fac-, facil-, fact-, feas-, -feat, -fect, -feit, -facient, -faction, -fic-, -fy, -ficate, -fication

(Latin: to make, to do, to build, to cause, to produce; forming, shaping)

rubefacient (s) (noun), rubefacients (pl)
An external application of a medication or any substance which causes redness as it irritates the skin: "As a result of applying a rubefacient, Athena increased the blood supply to her face which made her face become much redder than normal."
sacrifice (s) (noun), sacrifices (pl)
1. A giving up of something valuable or important for someone or something else considered to be of more value or importance: There is at least one man who has been making many personal sacrifices to provide help for the city's homeless people.
2. A loss incurred by giving away or selling something below its value: The food store made many sacrifices in the prices of its products so more people could survive the aftermath of the hurricanes.
3. An offering to honor or to appease a god or gods; especially, of a ritually slaughtered animal or person: Descriptions of human sacrifices by some of the ancient civilizations in Central and South America reveal how extensive such slaughters took place.
4. In chess, an act or instance of allowing or forcing an opponent to take one of the pieces or pawns so the player can gain an advantageous position: As a clever player, Hans would often set up a sacrifice so his opponent would ultimately lose the game.
5. Etymology: from Old French sacrifise; from Latin sacrificium, from sacrificus, "performing priestly functions or sacrifices"; from sacra, "sacred rites"; from sacer, "sacred" + root of facere, "to do, to perform"; in other words, sacrifice means "to make holy".

Human sacrifice to multiple gods.

Certain sacrifices are offerings to honor or to appease a god or gods; especially, of a ritually slaughtered animal or human being as practiced in certain cultures in the past.

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sacrificial (adjective), more sacrificial, most sacrificial
1. A descriptive term for an act of killing an animal or person or surrendering a possession as an offering to a deity: Some ancient rituals required a sacrificial animal be brought to the altar just as the moon was to appear over the horizon.
2. Used in or connected with an act of giving up something one values for the sake of something that is considered to be of greater importance: Madeline Jason made a sacrificial commitment to give her entire estate to a university in memory of her son who had attended there and who had died in a hiking accident.
sacrificially (adverb), more sacrificially, most sacrificially
Relating to, descriptive of, or concerned with a tremendous loss: The untimely death of Gertrude's son on the last day of his assigned duty on the battlefield was felt as a sacrificially disastrous shock to everyone who knew him.
sacrificialness (s) (noun) (no plural)
A reference to the act or the nature of a loss incurred or suffered without returning: Henry's sister could not bear the sacrificialness of his life when he marched off to war.
sanctificate
1. To sanctify or to render legitimate or binding; such as, to sanctify a vow. 2. To entitle to reverence or respect.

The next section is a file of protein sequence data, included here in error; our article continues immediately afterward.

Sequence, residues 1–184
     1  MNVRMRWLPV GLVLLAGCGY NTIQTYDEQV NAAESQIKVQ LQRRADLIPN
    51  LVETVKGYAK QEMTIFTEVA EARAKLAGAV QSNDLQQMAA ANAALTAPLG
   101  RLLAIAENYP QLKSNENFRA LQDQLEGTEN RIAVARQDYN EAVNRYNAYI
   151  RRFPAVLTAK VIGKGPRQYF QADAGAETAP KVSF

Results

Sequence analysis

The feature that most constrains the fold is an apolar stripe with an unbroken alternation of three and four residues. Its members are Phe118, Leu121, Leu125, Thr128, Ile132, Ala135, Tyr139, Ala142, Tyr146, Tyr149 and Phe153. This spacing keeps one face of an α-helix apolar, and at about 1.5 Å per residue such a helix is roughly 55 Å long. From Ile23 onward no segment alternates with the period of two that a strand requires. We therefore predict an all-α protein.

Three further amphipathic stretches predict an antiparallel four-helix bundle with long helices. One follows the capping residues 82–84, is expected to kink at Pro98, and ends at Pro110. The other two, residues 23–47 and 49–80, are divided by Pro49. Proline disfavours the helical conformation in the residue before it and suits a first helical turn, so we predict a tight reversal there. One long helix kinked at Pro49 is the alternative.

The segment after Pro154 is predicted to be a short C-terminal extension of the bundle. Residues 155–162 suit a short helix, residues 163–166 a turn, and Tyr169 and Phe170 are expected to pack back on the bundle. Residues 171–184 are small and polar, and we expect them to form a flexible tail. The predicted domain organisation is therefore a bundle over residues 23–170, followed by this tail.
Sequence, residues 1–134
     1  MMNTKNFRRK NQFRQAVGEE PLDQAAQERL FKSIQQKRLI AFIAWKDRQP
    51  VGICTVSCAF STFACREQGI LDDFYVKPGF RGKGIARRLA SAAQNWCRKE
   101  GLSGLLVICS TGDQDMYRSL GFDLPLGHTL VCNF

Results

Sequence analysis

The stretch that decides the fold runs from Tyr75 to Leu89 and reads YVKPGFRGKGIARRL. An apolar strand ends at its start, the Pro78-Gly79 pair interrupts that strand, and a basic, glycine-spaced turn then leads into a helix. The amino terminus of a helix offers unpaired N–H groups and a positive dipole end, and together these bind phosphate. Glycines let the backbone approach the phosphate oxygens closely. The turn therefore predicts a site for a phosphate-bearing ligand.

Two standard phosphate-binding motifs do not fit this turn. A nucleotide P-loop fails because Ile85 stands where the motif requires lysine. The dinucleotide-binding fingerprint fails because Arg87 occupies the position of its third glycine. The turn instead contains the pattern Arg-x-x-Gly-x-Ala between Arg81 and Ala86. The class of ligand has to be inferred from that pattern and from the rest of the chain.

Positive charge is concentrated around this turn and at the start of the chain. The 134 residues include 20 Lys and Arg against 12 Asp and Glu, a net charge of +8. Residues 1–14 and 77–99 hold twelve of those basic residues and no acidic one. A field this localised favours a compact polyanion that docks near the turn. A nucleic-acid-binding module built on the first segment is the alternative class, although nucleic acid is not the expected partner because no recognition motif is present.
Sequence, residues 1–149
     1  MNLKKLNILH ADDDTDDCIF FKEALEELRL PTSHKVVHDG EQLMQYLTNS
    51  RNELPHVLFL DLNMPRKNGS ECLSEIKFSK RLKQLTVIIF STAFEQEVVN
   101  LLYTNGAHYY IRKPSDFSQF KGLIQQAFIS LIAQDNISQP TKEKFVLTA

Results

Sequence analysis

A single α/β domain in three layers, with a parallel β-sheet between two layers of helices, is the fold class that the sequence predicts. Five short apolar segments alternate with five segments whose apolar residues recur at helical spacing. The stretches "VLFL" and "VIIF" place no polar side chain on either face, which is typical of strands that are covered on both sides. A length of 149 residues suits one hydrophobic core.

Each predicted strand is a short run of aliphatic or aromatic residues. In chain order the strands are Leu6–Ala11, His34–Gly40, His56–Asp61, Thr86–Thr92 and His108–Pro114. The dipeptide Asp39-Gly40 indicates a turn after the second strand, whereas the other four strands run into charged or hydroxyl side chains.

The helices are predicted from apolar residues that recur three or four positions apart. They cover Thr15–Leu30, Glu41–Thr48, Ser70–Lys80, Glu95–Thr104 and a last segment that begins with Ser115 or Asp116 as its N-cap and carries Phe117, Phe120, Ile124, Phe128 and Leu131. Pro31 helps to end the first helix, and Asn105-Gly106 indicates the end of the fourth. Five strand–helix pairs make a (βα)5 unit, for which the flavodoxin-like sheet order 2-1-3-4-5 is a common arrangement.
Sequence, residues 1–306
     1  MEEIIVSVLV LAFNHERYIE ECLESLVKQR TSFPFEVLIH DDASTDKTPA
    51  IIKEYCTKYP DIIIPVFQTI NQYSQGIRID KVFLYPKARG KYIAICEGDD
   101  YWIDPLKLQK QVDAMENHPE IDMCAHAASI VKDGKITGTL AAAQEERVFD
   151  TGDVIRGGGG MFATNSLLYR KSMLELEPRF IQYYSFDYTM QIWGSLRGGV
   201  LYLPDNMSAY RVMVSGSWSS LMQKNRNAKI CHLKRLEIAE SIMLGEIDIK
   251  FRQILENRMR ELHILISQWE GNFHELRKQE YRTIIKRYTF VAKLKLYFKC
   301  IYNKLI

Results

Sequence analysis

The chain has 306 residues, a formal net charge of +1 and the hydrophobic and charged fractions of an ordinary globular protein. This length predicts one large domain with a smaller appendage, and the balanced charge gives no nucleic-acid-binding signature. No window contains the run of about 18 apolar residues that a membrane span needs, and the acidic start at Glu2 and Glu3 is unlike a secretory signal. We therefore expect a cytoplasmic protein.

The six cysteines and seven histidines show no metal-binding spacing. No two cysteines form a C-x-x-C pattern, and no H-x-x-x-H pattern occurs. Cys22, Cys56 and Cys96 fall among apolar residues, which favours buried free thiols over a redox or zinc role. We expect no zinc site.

sanctification
1. In theology, the action of the Holy Spirit in sanctifying or making holy the believer, by the implanting within him of the Christian graces and the destruction of sinful affections.
2. The action of consecrating or setting apart as holy or for a sacred use or purpose; hallowing (rendering holy by means of religious rites).
sanctified (adjective)
1. Reference to a person who is made holy, endowed with saintly character; specifically, made holy by the divine grace of the Holy Spirit.
2. Affecting holiness; sanctimonious.
3. Of things, holy or consecrated; rendered spiritually profitable.
4. Of ground, buildings, etc. that are consecrated or hallowed; that is, setting apart for sacred purposes; consecrating; devoting to religious exercises.
sanctifier
In theology, someone who sanctifies or makes holy; specifically, the Holy Spirit.
sanctify (verb), sanctifies; sanctified; sanctifying
1. To set apart religiously for an office or function; to consecrate (a king, etc.).
2. To honor as holy; to ascribe holiness to.
3. To manifest (God, his might, etc.) as holy.
4. To consecrate (a thing); to set apart as holy or sacred.
5. To keep (a day, etc.) holy; to keep or to observe as holy.
6. To make (a person) holy, to purify or free from sin; to cause to undergo sanctification.
7. Chiefly in the Old Testament, to free from ceremonial impurity.
8. To render holy, impart sanctity to (a thing, quality, action or condition); to render legitimate or binding by a religious sanction.
Sapientia aedificavit sibi Domum.
A Latin motto: "Wisdom has built a Home for itself."

Motto of Rockhurst College, Kansas City, Missouri, USA.

Sapientia Domum aedificavit.
A Latin motto: "Knowledge has built a Home."

Motto of Crosier Seminary Junior College, Onamia, Minnesota, USA.

saporific
1. Having the power to produce the sensation of taste; producing taste, flavor, or relish.
2. A quality perceptible to the sense of taste; flavor.
satisfaction (s) (noun), satisfactions (pl)
1. The feeling of pleasure that a person has when a need or desire is fulfilled or achieved.
2. The fulfillment or gratification of a desire, a need, or an appetite.
3. Happiness with the way that something has been arranged or done; including, the fulfillment of a need, a claim, or a desire.
satisfactorily (adverb), more satisfactorily, most satisfactorily
1. A reference to fulfilling expectations or needs which are acceptable, although not necessarily outstanding or perfect: The brothers performed satisfactorily on the exam, but they should have done better.
2. Relating to fulfilling certain achievements: Sharon's motives for not going to school yesterday have never been satisfactorily explained.